The journey to Skull Mountain Island involves much adventure as well as sailing for many uneventful days. Doc spends his time tinkering in the small machine shop, learning Mayan from the crew, and getting on his father's nerves. In the shop he is adapting a service automatic to fire full auto.

Deluxe Hardcover wrap around jacket
Soon enough Doc arrives at Skull Island and clashes with island natives, dinosaurs, and other denizens of the island, all leading up to Kong. While there is quite a bit of plot about a band of headhunters stalking Kong, we all know that they won't get him because Kong is in New York at the start of the book. Thus, the suspense with Kong's life is lessened.

There is also a smaller, white ape (like the one in Son of Kong) whose presence is not explained and in fact is a bit confusing considering its fate.

Stormalong is a wonderful character and I wouldn't mind reading a Murray novel or two featuring him. He's crotchety and set in his ways and fun. Clark, Sr. is a bit of a stick in the mud and Clark, Jr. (Doc) questions him about sending a child (Doc himself) off to live with professors and scientists instead of taking care of the young boy himself.

It is this material, the family stuff that is the heart and reason for this story. Dinosaurs, headhunters, the voyage, and Kong himself are secondary, but fun, parts of the book.

Will Murray has done a fine job with this book and I commend him for expanding the canon. The cover by Joe De Vito is terrific as is the presentation as a whole. I'll give Doc Savage: Skull Island an 8.5 out of 10.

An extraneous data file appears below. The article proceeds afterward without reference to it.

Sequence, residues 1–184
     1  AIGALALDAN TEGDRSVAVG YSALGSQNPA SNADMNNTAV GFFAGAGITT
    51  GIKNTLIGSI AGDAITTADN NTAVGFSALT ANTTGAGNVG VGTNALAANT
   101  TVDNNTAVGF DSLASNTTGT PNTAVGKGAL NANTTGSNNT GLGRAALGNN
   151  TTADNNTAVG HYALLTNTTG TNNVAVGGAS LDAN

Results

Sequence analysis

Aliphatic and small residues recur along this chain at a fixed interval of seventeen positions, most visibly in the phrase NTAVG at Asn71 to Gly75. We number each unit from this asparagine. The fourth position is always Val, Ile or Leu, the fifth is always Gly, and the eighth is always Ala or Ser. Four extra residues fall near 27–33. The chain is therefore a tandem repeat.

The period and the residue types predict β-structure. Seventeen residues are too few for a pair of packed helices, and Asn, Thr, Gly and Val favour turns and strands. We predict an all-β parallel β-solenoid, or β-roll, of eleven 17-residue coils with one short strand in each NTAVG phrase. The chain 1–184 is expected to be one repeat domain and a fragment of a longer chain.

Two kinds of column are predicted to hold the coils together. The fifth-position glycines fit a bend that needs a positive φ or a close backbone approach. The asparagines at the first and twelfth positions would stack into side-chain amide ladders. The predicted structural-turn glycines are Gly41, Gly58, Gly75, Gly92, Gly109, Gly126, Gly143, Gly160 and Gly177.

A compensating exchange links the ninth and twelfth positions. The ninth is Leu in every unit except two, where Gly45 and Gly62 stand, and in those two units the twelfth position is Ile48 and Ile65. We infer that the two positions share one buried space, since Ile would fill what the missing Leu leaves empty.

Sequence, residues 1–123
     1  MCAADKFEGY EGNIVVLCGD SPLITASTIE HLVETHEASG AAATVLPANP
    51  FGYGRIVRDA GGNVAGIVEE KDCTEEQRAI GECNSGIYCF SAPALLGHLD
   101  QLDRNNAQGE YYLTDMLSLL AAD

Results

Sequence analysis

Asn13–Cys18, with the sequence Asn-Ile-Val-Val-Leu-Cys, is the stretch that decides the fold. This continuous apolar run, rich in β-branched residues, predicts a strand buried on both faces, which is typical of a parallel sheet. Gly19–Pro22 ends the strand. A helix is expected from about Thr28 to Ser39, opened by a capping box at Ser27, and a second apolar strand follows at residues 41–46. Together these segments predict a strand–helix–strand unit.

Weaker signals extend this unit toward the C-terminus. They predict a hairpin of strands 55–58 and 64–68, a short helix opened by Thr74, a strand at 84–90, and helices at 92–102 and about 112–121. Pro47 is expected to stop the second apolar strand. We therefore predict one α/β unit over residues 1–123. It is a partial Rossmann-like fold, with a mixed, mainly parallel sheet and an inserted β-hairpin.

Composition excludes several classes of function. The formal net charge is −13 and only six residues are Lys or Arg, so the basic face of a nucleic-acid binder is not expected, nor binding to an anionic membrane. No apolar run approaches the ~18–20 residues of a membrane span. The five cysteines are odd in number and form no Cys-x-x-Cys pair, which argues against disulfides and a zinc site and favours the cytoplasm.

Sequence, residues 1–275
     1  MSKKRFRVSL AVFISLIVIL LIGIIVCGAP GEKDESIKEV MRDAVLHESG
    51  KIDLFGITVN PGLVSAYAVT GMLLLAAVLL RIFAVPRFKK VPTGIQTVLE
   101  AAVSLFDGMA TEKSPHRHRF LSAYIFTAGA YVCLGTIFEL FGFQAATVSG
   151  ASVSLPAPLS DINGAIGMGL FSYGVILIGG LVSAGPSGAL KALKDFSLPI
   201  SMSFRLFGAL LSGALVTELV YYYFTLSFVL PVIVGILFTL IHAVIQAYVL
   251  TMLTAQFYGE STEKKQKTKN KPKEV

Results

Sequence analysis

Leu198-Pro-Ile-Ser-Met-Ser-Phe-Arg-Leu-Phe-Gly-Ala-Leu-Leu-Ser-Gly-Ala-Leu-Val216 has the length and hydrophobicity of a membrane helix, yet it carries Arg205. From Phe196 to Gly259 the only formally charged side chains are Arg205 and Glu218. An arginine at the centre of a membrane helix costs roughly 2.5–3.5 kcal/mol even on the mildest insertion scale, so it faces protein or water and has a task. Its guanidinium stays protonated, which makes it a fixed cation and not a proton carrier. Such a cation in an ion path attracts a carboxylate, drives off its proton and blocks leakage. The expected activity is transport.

There has been a lot of fan interest in this match up for a long time. There is a lot of material at Rip Dagger's Dojo blog. Doc Savage cover mashup expert Kez Wilson did a great one on his blog, mashing up two James Bama paintings.

And more art...

Next up - Doc Savage meets Tarzan? Doc and The Shadow? Doc and the Avenger?

Wednesday, June 19, 2013


Cthulhu Wars!

Cthulhu Wars is a game of epic struggle as the Great Old Ones clash to determine which one rules the Earth. No matter the outcome, it seems that humanity loses. The game is currently on Kickstarter with more than 2 weeks to go and it is way past the funded level and will be made. The figures are all sculpted in the standard miniatures game scale of 28mm. The monsters are quite large.

The game is designed by Sandy Peterson, a guy that knows a thing or two about Cthulhu, having written the classic pen and paper RPG Call of Cthulhu.

The Kickstarter has options to just buy the figures by Faction, special 1st player marker sexy figures, sculpted gates, custom dice, posters, t-shirts, and additional factions. You could just buy in on a faction and play with your friends using your own figures, or use the figures for horror RPGs. As minis go, these are a good value, look great and should paint up well.

There are lots of extra factions and choices including additional Great Old Ones. They are planning 13 additional Factions. These are $48 each. The first is Yog Sothoth. Others planned include: Tsathoggua, Ithaqua, Azathoth.

There are also 3 map expansions including the Dreamlands with a new maps and plastic pieces. These are $40 each.

Cthulhu Wars is played on a huge world map (ala Risk) and each player gets a unique army led by one of the Great Old Ones. The base game factions are: Cthulhu, Nyarlathotep, Shub-Niggurath, and Hastur. Other figures are listed in the complete list below.

I am quite impressed with the figures and the game design itself.

One of the interesting features of the rules is how first player and turn order are determined. The player with the most power goes first, but they get to choose if the round is played clockwise or counter-clockwise around the table. Neat. Power is determined by how many people and gates the player controls. This includes cultists captured in the turn before! Those guys are then killed and returned to their player's off board unit supply.